If ethnicity is more strongly associated with an increased risk of infection, it would be important to communicate to the general population that for most, simply belonging to an ethnic minority group does not mean they are more likely to die if they get covid-19. A targeted public health approach, focused on risk factors relating to increased risk of infection in ethnic minority groups would also prevent disproportionate death. This will be of particular importance given the emergence of two new variants of SARS-CoV-2 in the UK, both of which appear to have increased infectivity. [11,12] However, should ethnic minorities be found to mainly have a higher risk of disease severity once infected, this provides a powerful argument for the early initiation of effective therapeutics.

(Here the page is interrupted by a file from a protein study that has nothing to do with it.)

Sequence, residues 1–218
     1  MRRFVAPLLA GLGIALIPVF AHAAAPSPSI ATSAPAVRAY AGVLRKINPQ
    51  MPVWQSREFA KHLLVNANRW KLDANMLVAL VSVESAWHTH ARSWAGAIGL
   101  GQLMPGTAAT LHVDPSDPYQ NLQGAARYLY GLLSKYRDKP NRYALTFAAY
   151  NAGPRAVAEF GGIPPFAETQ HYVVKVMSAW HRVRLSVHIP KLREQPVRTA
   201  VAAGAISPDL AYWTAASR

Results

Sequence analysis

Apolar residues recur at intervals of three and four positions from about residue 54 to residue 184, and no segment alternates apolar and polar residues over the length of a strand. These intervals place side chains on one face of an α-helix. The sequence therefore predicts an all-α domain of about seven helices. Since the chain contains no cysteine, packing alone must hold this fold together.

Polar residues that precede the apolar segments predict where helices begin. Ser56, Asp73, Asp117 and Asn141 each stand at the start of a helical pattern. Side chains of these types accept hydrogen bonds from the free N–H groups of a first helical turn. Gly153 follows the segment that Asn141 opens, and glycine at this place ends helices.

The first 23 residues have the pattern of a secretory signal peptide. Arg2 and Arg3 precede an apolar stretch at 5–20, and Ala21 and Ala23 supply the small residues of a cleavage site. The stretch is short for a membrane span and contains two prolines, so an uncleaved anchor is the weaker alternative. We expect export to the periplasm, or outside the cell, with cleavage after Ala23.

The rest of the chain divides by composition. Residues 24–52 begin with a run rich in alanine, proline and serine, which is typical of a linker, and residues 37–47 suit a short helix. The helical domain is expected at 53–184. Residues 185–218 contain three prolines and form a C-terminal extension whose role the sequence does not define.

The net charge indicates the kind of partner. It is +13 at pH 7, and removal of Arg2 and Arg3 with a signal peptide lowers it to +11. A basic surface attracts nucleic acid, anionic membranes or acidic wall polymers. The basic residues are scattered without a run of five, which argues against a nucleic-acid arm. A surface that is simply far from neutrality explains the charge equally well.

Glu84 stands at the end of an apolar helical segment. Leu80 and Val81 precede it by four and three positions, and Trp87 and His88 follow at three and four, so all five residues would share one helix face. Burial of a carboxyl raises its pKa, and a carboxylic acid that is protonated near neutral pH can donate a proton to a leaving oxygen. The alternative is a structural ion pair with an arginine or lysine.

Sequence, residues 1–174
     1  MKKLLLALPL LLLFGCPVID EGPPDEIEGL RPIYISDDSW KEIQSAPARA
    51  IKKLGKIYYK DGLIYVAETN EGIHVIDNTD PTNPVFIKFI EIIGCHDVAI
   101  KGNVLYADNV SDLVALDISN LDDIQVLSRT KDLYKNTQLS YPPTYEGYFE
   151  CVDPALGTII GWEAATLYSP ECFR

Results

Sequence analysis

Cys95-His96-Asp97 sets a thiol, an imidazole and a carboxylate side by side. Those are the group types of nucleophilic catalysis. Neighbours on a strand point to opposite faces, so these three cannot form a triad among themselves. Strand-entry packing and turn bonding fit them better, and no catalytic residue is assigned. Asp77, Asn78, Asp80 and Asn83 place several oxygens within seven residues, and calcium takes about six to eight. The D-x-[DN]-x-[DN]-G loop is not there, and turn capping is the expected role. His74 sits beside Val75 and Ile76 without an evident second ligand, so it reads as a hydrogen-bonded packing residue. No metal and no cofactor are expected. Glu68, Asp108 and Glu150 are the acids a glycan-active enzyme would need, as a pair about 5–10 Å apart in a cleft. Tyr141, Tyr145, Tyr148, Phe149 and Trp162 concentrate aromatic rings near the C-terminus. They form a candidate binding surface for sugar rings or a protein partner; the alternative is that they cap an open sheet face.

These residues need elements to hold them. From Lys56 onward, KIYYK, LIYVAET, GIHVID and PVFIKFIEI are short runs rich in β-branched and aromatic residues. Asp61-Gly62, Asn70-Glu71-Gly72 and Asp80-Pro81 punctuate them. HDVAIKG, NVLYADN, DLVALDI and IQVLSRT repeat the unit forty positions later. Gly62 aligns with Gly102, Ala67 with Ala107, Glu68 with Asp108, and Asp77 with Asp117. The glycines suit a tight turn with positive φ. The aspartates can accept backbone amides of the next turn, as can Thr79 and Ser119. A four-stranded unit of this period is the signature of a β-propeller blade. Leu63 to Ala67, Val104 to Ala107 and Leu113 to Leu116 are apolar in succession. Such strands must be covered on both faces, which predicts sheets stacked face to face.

The UK vaccination programme has chosen to prioritise those in the general public with a higher risk of severe disease once infected rather than exposure risk, making this distinction even more important in current times for ethnic minority groups. Should their worse clinical outcomes be mainly attributed to increased risk of infection, ethnic minority groups will currently not be prioritized for vaccination despite suffering disproportionately. To move forward with covid-19 public health policies involving ethnic groups, it is time we acknowledge that the risks of infection are very different, but just as important to address to those for severe disease.
Daniel Pan, NIHR Academic Clinical Fellow in Infectious Diseases, Department of Respiratory Sciences, University of Leicester, and Specialist Registrar in Infectious Diseases and General Internal Medicine, Department of Infectious Diseases and HIV Medicine, University Hospitals of Leicester NHS Trust.